Recent Charges Against China-Based Companies Demonstrate SEC’s Efforts to Bring More Financial Fraud Cases
SEC Chair Mary Jo White and Enforcement Director Andrew Ceresney have repeatedly said that financial fraud would be a priority of the SEC’s enforcement program. Two recent cases involving companies with China-based operations may signal a new trend in this area.
On March 11, 2014, the SEC charged animal feed company AgFeed Industries Inc. in a massive accounting fraud scheme. According to the SEC, four company officials–executive chairman Songyan Li, CEO Junhong Xiong, CFO Selina Jin, and controller Shaobo Ouyang–engaged in several tactics to artificially inflate revenue, including creating fake invoices for sales that did not occur and misrepresenting the weight of hogs which resulted in falsely amplified revenues. The SEC alleged that to perpetuate the scheme, the executives kept two sets of company books–an “outside” set that the company provided to its auditors and an “inside” real set that contained the much lower accurate revenue numbers. All told, the SEC charged the executives with falsely reporting revenues of approximately $239 million.
The fraud allegedly extended beyond the executives to include director K. Ivan Van Gothner, chair of the company’s audit committee. Sensing that fraud was occurring, Gothner sought the advice of a company advisor who encouraged him to enlist outside legal counsel. Gothner ignored the advice and instead, the SEC claims, neglected to conduct any investigation and helped the company’s CFO, Edward J. Pazdro, to spin off the company’s feed division in an effort to raise capital and increase their personal profits. The SEC’s complaint charges the company officials with violating or aiding and abetting violations of the anti-fraud, reporting, books and records, and internal controls provisions of the federal securities laws. The SEC is seeking disgorgement of profits, interest, financial penalties, and officer-and-director bars.
The SEC separately reached an agreement with the company’s interim CEO who had served in that capacity from February 2011 until December 2011 based on allegations that he knew about the fraud and failed to undertake certain investigative steps or provide information to the company’s independent auditor. The former CEO agreed to pay a $100,000 civil penalty and is barred from serving as an officer or director. In addition, the SEC entered into a cooperation agreement with the company’s former CFO. Despite knowing about reports of fraud within the company, the CFO signed the company’s management representation letter to AgFeed’s independent auditor, which failed to disclose the fraud. The CFO consented to additional proceedings to determine the amount of a civil penalty, agreed to cease and desist from committing future securities violations, and is barred from practicing before the Commission as an accountant for five years.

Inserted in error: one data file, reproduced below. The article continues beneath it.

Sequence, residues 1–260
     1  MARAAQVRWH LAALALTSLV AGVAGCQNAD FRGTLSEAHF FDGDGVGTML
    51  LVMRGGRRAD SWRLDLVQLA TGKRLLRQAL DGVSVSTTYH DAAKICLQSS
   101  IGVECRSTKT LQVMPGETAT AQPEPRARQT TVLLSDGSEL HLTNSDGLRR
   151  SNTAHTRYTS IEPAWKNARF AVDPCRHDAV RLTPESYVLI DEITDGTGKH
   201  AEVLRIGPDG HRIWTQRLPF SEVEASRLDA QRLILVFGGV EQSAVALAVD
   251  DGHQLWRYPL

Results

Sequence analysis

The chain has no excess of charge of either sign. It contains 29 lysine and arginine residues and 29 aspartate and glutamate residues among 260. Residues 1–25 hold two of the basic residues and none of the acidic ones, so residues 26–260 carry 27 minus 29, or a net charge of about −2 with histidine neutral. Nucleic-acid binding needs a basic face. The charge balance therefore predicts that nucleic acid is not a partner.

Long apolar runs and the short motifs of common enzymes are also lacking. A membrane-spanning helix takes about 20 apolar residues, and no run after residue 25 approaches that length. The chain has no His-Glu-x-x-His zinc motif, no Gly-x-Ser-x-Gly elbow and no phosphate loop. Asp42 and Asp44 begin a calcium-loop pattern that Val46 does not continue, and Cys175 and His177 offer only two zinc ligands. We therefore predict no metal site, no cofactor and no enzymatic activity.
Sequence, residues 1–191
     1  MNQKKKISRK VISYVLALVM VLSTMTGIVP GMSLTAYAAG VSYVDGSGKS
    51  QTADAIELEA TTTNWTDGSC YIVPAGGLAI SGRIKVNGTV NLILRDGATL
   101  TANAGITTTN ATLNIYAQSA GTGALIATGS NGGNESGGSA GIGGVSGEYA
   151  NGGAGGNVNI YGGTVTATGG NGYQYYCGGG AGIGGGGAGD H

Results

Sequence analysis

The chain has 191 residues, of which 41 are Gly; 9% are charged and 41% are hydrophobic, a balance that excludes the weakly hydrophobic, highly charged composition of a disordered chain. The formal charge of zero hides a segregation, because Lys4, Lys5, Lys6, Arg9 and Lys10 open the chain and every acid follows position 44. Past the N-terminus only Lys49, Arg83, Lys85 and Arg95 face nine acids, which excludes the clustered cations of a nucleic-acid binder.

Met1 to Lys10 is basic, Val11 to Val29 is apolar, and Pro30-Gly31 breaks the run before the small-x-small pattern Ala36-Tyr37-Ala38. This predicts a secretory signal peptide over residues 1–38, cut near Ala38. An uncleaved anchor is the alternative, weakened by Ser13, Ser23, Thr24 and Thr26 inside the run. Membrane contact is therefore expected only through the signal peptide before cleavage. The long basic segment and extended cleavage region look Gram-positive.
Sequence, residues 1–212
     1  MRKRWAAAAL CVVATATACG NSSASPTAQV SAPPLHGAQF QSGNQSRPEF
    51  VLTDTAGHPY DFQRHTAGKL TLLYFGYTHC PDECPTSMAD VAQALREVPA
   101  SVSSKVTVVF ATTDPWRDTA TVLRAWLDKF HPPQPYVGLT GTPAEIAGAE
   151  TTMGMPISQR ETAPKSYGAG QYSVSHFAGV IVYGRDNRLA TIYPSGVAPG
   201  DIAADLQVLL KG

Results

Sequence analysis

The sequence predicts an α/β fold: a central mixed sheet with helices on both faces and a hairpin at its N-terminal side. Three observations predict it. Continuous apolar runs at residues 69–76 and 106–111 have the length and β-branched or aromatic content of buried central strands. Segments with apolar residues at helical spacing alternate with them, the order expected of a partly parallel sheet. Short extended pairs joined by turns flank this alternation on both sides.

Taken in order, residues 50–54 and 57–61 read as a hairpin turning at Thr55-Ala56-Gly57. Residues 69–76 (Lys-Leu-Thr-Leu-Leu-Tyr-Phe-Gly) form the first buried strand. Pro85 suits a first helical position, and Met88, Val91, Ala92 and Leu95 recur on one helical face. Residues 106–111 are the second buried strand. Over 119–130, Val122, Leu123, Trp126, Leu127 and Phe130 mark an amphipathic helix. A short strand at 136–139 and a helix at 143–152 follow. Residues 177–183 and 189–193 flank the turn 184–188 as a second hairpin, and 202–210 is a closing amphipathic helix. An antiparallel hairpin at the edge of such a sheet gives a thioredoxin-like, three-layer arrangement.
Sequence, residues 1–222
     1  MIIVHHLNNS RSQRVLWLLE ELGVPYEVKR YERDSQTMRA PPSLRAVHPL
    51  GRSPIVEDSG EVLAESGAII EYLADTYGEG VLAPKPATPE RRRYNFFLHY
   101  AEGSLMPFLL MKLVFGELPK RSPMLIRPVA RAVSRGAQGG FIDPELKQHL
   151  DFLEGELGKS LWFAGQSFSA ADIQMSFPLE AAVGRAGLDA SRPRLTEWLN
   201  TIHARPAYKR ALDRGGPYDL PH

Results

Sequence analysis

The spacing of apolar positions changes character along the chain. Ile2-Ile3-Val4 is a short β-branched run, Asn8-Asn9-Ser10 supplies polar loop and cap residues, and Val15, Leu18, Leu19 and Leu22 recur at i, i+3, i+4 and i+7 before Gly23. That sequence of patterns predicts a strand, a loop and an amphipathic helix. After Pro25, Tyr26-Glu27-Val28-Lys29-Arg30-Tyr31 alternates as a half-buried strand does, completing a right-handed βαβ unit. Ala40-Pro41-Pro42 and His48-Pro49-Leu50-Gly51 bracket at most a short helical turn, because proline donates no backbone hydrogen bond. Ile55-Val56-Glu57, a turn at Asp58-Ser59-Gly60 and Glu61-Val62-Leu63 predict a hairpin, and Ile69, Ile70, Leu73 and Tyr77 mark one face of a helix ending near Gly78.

On March 27, 2014, the SEC announced fraud charges against L&L Energy, a Seattle-based company that also has operations in China. In this action, the SEC was not focused on accounting fraud, but rather on alleged misrepresentations regarding the company’s management. More specifically, the SEC alleges that the company’s founder, Dickson Lee, falsely represented in L&L quarterly and annual reports that Lee’s brother was the CEO and that a woman was the CFO, even though she had rejected Lee’s offer for the position. The SEC further alleges that Lee carried out the fraud by using false electronic signatures on Sarbanes-Oxley certifications. He also used these false certifications to secure the company’s listing on NASDAQ. The SEC also alleged that, despite the purported CFO confronting him about the fraud, Lee continued to generate false reports.
In July 2013, the SEC announced that it has formed the Financial Reporting and Audit Task Force, an initiative intended to help the staff identify fraudulent or improper financial reporting. Through this task force, the SEC will focus on high-risk areas of the market to identify violations relating to the preparation of financial statements, issuer reporting and disclosure, and audit failures. After the Task Force identifies potential fraud or misconduct, it refers the findings to investigative staff in D.C. or to one of the 11 regional offices for further review. Given Chair White’s and Director Ceresney’s repeated references to the Task Force, it is likely we will see increased enforcement activity with respect to financial fraud in the coming months.